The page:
Tuesday, November 25, 2008

Clinical Depression

The holidays are a warm and happy time for many people. However, the same time of year is lonely and depressing for others. There are many reasons for depression, from the obvious grief and loss of loved ones and relationships, but for some people who suffer from chronic clinical depression... bipolar disorder... dysthymic disorder... the reasons aren't so obvious.

I don't understand depression. I'm a glass half full kind of guy. I once had a friend who struggled with depression who told me, "Jeff, you're a nice guy. You just don't know. Depression is a place you might visit, but you won't ever live there. I've lived there." He was intimating that the experience of clinical depression is beyond description. He could have spent all day trying to help me understand what it was like, but I still wouldn't understand.

In the past few years, I've been studying therapy and how to help people who are hurting, who are suffering. I've been taught about depression, the chemical imbalances in the brain that lead to cycles of mania and depression, about the dysfunctional patterns in families, in relationships that lead people to despair.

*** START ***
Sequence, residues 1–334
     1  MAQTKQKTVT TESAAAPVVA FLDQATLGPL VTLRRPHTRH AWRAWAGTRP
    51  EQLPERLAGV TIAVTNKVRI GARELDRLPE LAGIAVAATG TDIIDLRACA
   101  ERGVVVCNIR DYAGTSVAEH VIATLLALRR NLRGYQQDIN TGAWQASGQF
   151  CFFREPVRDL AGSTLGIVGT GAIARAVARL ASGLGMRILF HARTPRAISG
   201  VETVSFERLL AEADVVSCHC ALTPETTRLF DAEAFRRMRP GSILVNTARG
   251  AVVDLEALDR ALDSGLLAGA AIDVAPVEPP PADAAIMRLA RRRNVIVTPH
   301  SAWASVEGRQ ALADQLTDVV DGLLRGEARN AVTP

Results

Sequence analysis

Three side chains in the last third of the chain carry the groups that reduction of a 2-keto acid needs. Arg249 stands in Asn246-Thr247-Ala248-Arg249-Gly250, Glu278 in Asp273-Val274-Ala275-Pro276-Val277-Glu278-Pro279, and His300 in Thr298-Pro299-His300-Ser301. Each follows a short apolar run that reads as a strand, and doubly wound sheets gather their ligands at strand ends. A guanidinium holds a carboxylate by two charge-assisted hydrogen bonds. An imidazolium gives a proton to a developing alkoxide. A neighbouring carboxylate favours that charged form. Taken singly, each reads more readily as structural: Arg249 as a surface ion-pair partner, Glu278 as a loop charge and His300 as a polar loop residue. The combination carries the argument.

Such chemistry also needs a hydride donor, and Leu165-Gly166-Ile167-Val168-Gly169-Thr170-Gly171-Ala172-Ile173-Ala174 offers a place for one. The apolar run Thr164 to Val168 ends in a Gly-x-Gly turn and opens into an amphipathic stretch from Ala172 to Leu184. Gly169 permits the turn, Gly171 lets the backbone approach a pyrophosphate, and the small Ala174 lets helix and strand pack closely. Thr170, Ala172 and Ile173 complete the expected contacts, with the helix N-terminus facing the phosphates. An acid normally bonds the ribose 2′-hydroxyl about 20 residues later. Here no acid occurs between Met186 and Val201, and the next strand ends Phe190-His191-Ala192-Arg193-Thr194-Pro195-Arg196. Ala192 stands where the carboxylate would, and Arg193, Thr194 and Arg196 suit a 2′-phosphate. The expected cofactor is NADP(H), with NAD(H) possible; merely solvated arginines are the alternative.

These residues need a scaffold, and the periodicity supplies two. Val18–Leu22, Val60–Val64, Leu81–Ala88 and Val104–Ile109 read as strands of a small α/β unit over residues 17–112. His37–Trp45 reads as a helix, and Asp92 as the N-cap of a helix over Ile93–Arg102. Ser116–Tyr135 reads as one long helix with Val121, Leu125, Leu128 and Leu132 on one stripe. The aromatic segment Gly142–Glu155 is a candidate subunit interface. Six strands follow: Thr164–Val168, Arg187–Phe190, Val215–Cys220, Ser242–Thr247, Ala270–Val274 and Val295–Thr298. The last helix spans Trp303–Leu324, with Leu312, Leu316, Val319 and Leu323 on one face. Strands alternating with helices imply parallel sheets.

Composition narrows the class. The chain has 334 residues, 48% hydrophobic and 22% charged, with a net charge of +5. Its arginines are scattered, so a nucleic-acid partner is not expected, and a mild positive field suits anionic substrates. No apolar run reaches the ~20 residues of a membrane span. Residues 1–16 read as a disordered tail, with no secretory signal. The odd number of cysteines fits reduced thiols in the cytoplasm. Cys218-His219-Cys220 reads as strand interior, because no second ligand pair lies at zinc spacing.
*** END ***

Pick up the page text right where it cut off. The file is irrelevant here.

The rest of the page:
Every now and again, though I know that I can't hope to completely understand, I come across something that gives me a glimpse into the unknown hurt that some people experience:

David Foster Wallace, a novelist, who suffered from clinical depression wrote in Infinite Jest that depression is "lonely on a level that cannot be conveyed ... Everything is part of the problem, and there is no solution. It is a hell for one."

What a terrible place to live.

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